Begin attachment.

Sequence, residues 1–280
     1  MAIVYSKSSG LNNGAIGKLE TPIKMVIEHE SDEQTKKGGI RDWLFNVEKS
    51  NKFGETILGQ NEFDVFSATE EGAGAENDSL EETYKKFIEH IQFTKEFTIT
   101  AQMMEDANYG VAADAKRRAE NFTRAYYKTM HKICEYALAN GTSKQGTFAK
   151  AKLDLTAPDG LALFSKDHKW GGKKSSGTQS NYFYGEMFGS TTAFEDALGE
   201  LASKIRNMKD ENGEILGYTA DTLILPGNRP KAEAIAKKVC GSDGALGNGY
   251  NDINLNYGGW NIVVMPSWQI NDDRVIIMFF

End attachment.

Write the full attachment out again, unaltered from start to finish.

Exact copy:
Sequence, residues 1–280
     1  MAIVYSKSSG LNNGAIGKLE TPIKMVIEHE SDEQTKKGGI RDWLFNVEKS
    51  NKFGETILGQ NEFDVFSATE EGAGAENDSL EETYKKFIEH IQFTKEFTIT
   101  AQMMEDANYG VAADAKRRAE NFTRAYYKTM HKICEYALAN GTSKQGTFAK
   151  AKLDLTAPDG LALFSKDHKW GGKKSSGTQS NYFYGEMFGS TTAFEDALGE
   201  LASKIRNMKD ENGEILGYTA DTLILPGNRP KAEAIAKKVC GSDGALGNGY
   251  NDINLNYGGW NIVVMPSWQI NDDRVIIMFF